Bready & Surrounding Area

Bready Townlands

Townlands are unique to Ireland and are among the earliest land divisions in the island. How they originated is not known for certain. For centuries they were important as the smallest administrative unit in Ireland. Townlands were also vital as markers of local identity for individuals and families. It is only in relatively recent times that they have been superseded by road names and house numbers. Nonetheless townlands are an important part of our heritage and ought to be preserved and valued. With this in mind, Bready Ulster-Scots and District Development Association successfully applied to the RDC under the EU Programme for Peace and Reconciliation (Peace II) for funding for a project to erect name stones at the boundaries of townlands along the public roads in the area. Townland names would thus be preserved and future generations would be aware of their existence and value to the local community.

This project encompasses seventeen townlands in the Bready area. The names of these townlands, together with their meanings, are:

  • Ballybeeny: Town good for yielding grain
  • Cloghboy: Yellow stone
  • Cloghogle: Raised stone
  • Coolmaghery: Back of the plain
  • Creaghcor: The brambly hill
  • Drumgauty: Windy ridge or top
  • Dunnalong: Fort of the ships
  • Gortavea: Field of the birches
  • Gortmessan: A fruitful field
  • Grange Foyle: Grain producing land along the Foyle
  • Magheramason: Massan’s plain or food producing plain
  • Magherareagh: Grey plain
  • Menagh Hill: Fine green field
  • Sollus: Place of light
  • Tamnabrady: Brady’s green field
  • Tamnaclare: Green field of the plain
  • Tamnakeery: Green field of the quicken tree or green field of the sheep

It is significant that many of the townlands have meanings which reflect farming activity, an indication of the agricultural productivity of the land in the Bready area. The name Bready is a shortened version of the name Tamnabrady, though the village of Bready, despite its small size, is spread between several townlands: Drumgauty, Gortmessan, Sollus and Tamnabrady.

The earliest map showing the townlands of the Bready area dates from 1609 and was part of a series of maps drawn under the supervision of an English official in Ireland, Sir Josias Bodley. These maps were produced following interviews with prominent men in each locality and not actual measurement.  The principal aim of the surveyors would seem to have been to locate the townlands in relation to each other and also with relation to the principal rivers with some sort of indication as to where the mountains and forests were situated. With regard to the Bready area, many of the townland names are easily identifiable to-day and there are a number of other features depicted on the map of this area which are of considerable interest.  These include the fort at Dunnalong, the abbey at Grange and a small fort along the Burndennet river.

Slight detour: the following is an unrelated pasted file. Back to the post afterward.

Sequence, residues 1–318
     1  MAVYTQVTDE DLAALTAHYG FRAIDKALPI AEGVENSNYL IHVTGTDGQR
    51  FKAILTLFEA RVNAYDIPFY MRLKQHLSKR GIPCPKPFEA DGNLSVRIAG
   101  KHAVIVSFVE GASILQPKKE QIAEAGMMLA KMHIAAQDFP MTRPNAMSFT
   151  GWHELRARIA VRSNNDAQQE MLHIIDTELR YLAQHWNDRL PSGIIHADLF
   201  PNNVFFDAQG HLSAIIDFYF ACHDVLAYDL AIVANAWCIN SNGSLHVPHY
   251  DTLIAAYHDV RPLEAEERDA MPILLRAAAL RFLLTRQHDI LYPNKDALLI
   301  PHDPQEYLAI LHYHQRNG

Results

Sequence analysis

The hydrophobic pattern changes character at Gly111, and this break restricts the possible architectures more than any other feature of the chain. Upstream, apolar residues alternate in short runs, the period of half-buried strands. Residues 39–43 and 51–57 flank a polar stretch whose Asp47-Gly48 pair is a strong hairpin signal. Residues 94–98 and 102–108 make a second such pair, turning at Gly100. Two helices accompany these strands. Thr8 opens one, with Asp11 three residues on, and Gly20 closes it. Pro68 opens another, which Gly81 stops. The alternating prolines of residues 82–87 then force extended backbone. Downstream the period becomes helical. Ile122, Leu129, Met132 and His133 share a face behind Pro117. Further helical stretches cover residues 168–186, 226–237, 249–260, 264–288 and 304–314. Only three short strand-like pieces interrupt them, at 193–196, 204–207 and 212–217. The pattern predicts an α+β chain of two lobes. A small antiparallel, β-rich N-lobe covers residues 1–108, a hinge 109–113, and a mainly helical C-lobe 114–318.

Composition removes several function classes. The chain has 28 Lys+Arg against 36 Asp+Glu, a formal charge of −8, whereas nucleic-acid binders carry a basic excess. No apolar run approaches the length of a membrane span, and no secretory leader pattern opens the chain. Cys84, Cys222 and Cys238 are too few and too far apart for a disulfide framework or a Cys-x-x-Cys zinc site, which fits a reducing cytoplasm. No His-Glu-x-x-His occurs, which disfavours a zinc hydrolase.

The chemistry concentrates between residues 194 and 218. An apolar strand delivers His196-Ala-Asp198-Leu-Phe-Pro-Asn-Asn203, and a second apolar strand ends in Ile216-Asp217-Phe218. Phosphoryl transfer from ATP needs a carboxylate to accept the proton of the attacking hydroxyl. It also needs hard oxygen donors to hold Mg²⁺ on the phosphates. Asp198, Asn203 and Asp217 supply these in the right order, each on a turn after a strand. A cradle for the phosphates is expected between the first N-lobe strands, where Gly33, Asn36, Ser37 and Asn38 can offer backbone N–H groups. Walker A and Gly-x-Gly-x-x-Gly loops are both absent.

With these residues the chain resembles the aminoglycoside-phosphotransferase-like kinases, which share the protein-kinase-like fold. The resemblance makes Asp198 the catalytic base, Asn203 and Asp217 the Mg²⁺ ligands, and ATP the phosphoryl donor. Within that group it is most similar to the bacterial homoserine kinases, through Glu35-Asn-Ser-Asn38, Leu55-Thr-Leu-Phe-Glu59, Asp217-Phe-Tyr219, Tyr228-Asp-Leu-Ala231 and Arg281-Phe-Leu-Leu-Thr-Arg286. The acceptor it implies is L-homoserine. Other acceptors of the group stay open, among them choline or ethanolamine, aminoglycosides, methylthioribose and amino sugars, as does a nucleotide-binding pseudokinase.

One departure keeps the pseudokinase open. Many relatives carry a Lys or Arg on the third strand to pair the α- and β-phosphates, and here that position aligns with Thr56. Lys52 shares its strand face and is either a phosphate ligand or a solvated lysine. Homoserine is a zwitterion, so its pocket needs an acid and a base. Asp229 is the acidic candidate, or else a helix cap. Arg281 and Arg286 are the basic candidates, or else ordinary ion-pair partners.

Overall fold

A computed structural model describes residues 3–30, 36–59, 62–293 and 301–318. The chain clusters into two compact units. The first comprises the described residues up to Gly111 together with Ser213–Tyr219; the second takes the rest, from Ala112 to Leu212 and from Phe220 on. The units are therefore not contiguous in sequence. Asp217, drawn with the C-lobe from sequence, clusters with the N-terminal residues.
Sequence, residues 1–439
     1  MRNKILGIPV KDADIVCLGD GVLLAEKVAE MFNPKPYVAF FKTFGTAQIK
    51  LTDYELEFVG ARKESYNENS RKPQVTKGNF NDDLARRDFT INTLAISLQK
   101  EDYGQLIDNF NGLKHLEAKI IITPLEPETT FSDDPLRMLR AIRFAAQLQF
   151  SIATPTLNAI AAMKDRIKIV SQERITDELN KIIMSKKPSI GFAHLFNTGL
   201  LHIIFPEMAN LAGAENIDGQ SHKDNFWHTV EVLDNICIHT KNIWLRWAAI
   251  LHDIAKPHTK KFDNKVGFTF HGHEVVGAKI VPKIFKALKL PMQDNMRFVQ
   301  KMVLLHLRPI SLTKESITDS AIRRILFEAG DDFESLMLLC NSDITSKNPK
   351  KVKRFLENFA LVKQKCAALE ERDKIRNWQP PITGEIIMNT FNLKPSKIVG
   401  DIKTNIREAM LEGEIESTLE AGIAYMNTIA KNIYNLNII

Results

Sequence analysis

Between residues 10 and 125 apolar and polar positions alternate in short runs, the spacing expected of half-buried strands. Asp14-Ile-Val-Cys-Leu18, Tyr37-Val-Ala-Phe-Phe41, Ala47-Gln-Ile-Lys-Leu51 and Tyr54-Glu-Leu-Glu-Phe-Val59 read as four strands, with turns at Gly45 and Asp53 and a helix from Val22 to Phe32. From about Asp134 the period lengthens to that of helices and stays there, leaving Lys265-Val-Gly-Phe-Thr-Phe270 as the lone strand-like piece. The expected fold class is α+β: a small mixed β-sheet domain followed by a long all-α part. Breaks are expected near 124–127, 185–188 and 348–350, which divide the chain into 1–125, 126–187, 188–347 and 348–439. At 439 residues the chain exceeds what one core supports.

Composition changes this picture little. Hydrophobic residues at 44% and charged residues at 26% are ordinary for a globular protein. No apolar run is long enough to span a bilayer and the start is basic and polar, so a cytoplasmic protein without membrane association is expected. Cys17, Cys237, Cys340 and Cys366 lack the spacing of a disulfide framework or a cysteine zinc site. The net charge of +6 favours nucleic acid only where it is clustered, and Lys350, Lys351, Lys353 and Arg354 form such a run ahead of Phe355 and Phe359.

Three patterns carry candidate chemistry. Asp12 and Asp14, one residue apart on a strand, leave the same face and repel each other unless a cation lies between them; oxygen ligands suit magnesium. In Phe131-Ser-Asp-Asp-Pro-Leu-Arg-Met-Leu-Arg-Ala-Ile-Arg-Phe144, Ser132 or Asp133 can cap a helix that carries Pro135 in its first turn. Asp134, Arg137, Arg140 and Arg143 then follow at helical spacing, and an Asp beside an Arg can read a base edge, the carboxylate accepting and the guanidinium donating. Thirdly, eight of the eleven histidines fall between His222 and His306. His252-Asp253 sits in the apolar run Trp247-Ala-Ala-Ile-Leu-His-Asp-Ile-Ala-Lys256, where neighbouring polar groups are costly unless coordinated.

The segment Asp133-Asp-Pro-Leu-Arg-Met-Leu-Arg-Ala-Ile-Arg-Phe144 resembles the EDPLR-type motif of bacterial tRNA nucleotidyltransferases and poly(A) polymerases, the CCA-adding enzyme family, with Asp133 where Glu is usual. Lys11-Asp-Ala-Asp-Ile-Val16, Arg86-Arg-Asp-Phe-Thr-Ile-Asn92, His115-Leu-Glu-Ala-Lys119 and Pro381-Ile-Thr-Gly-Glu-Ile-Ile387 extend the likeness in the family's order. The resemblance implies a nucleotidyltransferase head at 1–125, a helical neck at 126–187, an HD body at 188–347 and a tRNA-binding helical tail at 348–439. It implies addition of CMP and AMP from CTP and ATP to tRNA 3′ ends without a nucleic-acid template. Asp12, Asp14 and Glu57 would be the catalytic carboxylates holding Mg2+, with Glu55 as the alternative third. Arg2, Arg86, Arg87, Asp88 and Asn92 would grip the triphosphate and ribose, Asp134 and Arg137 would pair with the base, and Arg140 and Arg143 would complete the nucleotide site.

Almost all of the townlands in the Bready area originated in the pre-Plantation period even if their boundaries were not firmly established until after this. The one exception is the small townland of Dunnalong. This townland, extending to just under 30 acres, was originally part of Menagh Hill. The Civil Survey of 1654-6 recorded that ‘Michaell Marshall, Scottish Protestant, claymeth a fee farme of a tenement house garden and Malltbarne with a parcell of grounde adjacent, estimate three acres, with grass for three Cowse’ in Menagh Hill. This holding had been leased to Marshall by Sir George Hamilton, probably in the 1630s. It would appear to have been purchased by the Lynn family of Cloghogall some time after this as it is referred to as ‘Lynn’s tenement’ in an early eighteenth-century document. Later in the eighteenth century it was bought back by the 8th Earl of Abercorn. Spellings of townlands varied considerably until they were standardised at the time of the Ordnance Survey of around 1830.

Unofficial Place-names

In addition to townland names, there have been various other names for places within the Bready area that have not been officially recognised, but which deserve recording. These are chiefly derived from the Ordnance Survey maps. A list of them is given below.

  • Brady / Bready (Tamnabrady)
  • Big Keery (Tamnakeery)
  • Causeway End (Drumgauty)
  • Cloghrammer (Magherareagh)
  • Craigstown (Coolmaghery)
  • Creaghan (Creaghcor)
  • Eden (Gortavea)
  • Ederwell (Coolmaghery)
  • Fairview (Ballybeeny)
  • Foyleside (Cloghboy / Gortavea)
  • Gaury (Coolmaghery)
  • Half Town, The (Gortavea)
  • Lower Town (Magheramason)
  • Mountbank (Sollus)
  • New Clare (Tamnaclare)
  • Old Clare (Tamnaclare)
  • Prospect (Drumgauty)
  • South Grange (Grange Foyle)
  • Springfield (Tamnabrady)
  • Stony Hill (Magherareagh)
  • Thorn Hill (Creaghcor)
  • Upper Town (Magheramason)
  • Wee Keery (Tamnakeery)
  • Wood, The (Magheramason)

We hold over 30,000 records dating back to the 1600's from Bready area of north County Tyrone

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